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Signs of a Trout Comeback in a Challenging Year

                                         Upper Blackfoot River Yellowstone cutthroat trout.

                                         Trout Unlimited Photo



















                                         2022 Yellowstone cutthroat trout redds on surveyed headwater streams.

                                        Trout Unlimited Image



UBC collaborative efforts to restore Yellowstone cutthroat trout habitat throughout the watershed, including the Blackfoot River Wildlife Management Area led by the Idaho Department of Fish and Game (IDFG), continue to show progress and also some climate related challenges. Overall, we are celebrating signs that the trout are making a comeback across the upper basin.  


But last year’s long, hot summer posed a real challenge to trout survival. By early July, stream flows in the Upper Blackfoot River were about one-third of normal levels. Elevated water temperatures and low flows place stresses cutthroat trout, which need cold water to survive. 


In 2022, Trout Unlimited staff joined agency partners, IDFG and USFS, to conduct redd counts in Blackfoot River tributaries at the end of June. A redd is the general location selected by a female fish for laying eggs. Within that site, she may dig several nests and deposit eggs in them over a period of several days. Spawning ground surveys confirmed over 450 redds distributed among the historically important spawning tributaries in the Upper Blackfoot, including within several reaches that have undergone recent UBC-funded habitat restoration projects.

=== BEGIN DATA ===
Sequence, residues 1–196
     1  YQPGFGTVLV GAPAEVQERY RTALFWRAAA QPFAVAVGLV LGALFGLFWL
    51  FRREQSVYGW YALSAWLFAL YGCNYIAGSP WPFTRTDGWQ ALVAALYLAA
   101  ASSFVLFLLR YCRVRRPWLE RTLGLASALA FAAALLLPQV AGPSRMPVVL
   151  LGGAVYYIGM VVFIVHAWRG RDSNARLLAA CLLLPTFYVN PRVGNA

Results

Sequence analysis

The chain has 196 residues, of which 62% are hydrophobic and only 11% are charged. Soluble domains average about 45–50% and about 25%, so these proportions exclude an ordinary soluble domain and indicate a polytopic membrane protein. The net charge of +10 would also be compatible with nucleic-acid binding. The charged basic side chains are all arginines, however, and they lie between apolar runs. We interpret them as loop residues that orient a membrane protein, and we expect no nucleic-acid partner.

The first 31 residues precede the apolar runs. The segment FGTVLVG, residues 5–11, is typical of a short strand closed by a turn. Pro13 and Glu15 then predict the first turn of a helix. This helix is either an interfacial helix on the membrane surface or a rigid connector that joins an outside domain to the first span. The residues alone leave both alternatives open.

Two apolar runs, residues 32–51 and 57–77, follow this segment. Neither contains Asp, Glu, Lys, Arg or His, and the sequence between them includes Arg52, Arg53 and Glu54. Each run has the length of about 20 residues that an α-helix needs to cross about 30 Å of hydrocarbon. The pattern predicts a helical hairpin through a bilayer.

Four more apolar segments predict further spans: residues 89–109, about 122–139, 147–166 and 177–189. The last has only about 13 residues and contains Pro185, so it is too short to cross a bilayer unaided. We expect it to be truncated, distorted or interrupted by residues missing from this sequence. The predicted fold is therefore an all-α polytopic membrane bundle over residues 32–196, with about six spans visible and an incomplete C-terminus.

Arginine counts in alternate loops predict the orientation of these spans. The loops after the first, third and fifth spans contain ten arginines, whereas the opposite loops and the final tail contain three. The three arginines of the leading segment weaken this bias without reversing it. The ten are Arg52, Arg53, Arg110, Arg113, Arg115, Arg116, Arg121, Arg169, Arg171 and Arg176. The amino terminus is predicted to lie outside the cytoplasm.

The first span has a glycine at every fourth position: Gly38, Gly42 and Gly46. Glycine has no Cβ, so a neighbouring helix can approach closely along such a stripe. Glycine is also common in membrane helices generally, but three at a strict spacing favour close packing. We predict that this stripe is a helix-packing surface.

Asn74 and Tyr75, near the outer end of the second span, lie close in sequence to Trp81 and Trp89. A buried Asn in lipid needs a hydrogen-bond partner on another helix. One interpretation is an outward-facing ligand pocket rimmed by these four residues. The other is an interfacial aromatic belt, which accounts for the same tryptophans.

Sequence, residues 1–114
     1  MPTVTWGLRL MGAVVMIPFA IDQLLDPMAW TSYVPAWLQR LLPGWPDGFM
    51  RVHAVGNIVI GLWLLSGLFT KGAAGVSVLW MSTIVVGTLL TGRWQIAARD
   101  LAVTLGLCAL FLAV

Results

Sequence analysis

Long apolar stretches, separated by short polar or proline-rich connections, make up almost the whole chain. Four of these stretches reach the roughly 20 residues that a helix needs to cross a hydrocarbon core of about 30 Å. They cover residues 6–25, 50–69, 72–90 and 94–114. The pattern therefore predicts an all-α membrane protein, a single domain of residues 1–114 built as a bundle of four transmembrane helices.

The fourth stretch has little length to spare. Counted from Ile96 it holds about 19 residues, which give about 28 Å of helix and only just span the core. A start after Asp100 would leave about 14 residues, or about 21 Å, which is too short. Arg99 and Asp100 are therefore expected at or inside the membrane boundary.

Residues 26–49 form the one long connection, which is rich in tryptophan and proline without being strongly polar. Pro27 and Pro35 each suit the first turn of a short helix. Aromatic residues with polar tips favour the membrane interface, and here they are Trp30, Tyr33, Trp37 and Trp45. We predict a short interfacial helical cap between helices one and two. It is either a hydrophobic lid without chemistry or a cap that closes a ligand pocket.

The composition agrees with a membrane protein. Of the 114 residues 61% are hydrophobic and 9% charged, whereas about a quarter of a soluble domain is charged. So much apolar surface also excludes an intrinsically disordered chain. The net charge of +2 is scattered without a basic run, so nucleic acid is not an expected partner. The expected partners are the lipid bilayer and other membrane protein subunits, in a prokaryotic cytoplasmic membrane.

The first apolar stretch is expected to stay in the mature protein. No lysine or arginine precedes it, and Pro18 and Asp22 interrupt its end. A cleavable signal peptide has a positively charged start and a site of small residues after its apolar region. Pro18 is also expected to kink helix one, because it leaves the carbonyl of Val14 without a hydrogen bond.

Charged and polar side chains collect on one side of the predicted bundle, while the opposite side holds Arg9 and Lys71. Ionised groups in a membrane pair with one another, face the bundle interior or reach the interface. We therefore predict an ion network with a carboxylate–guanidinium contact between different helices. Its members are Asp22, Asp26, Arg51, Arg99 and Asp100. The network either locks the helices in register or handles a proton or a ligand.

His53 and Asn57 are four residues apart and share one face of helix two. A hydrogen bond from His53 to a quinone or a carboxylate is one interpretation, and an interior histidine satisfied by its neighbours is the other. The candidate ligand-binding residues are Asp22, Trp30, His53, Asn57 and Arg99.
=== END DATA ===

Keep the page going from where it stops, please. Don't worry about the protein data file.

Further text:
The 2022 redd count was a surprising increase of 180% compared to the previous year, which was a long, hot summer that posed a real challenge to trout survival. By early July, stream flows in the Upper Blackfoot River were about one-third of normal levels. Elevated water temperatures and low flows place stresses cutthroat trout, which need cold water to survive. 


​The winter of 2022-23 was a record for snowfall in the Upper Blackfoot including a late spring melt. Jason Beck with IDFG captured in this video. The big runoff delayed redd count surveys into early July and we had somewhat disappointing results. Redd numbers were way down this year across all the streams that we surveyed. This is exactly the opposite from what we expected to see as high water typically creates safer migration corridors.  


Unfortunately, the trap that IDFG uses to monitor migratory fish moving into the Blackfoot River from the reservoir was not fully operational in 2022. Localized flooding along the river from the 2023 spring melt overwhelmed the trap, so we’ve had a couple of years without a good estimate of total spawner numbers. UBC is working with IDFG on potential options to improve fish counting technology. 


These variable climate conditions underscore the need to sustain UBC’s work into the future. Projects carried out by UBC and its partners build resilience for native Yellowstone cutthroat trout by providing healthy habitats and a way for fish to move within and among them. As stream flows and temperatures vary, the fish become increasingly dependent on healthy habitat refuge areas. 

UBC and Partners Win Award







                     Faith Ryan and other Society for Ranch Management Idaho Section members. 


On February 14th, at the Society for Range Management International Meeting in Boise, Idaho, the Idaho Section President Faith Ryan presented the Upper Blackfoot Confluence, Bear Lake Grazing and Jason Beck of Idaho Fish and Game, the Idaho Section Excellence in Range Management 2022 Award.